Monday, April 20, 2015

History man

Twenty-three years ago, when Headlands, the last large scale New Zealand exhibition to be sent to Australia (#WTF?), was shown at the Museum of Contemporary Art in Sydney, all hell broke loose. One of the essays in the catalogue, At the Centre, in the Margins started an at times bitter debate about the appropriation of Maori imagery by contemporary artists who did not identify as Maori. The essay had argued that by translating the koru form into a design motif and denying its Maori reference as part of the work, Gordon Walters had ripped off that particular element of Maori visual culture. This was an appropriation too far. The author of the piece Rangihiroa Panoho was roundly condemned by Walters supporters for daring to make this sort of assertion, particularly at a time when we were trying to impress the Australians on their home ground. 

Now wind the clock around a few times. Later this year the same Rangihiroa Panoho will publish his book Maori Art: History, Architecture, Landscape & Theory. The book itself has apparently been on the go since the year Headlands opened in Sydney when Panoho was offered a contract by an Australian publisher. Its by-line is 'how to look at Maori art in the twenty-first century' so still room for someone to tackle the twentieth or even the nineteenth century.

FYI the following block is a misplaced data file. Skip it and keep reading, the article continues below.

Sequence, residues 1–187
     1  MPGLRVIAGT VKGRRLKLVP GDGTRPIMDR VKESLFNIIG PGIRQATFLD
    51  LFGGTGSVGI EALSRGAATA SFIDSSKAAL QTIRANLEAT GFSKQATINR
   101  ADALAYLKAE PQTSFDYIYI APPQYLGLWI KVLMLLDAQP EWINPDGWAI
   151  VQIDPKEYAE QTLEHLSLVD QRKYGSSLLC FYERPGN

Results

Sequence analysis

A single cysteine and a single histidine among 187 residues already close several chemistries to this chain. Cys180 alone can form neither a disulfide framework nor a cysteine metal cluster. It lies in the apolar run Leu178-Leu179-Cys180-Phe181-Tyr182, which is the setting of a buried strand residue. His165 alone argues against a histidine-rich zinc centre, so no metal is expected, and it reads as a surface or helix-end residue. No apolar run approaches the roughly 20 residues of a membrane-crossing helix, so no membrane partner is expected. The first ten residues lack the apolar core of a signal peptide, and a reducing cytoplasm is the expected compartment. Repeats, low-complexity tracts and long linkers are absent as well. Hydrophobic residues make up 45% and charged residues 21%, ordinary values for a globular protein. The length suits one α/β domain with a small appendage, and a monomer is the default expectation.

Even stepping outside the Maori perspective this substantial book won't exactly be entering a crowded field of New Zealand art history. We have shelves full of monographs, group show catalogues, collection spruiking, and picture books, but very few ambitious histories. Gordon Brown and Hamish Keith's book Introduction to New Zealand Painting was published 56 years ago and is still widely cited and Gil Docking's effort Two hundred years of New Zealand Painting (now hilariously called 240 years of New Zealand Painting) in 1971. The nearest to a recent history would be Francis Pound's The Invention of New Zealand from 2009. So anyone with a history of NZ art in the works, let us know and we can all celebrate. But for now we have Rangihiroa's Maori Art to look forward to, it's launching in June. You can follow its emergence here. We can only hope it proves as provocative as his essay all those years ago in Headlands.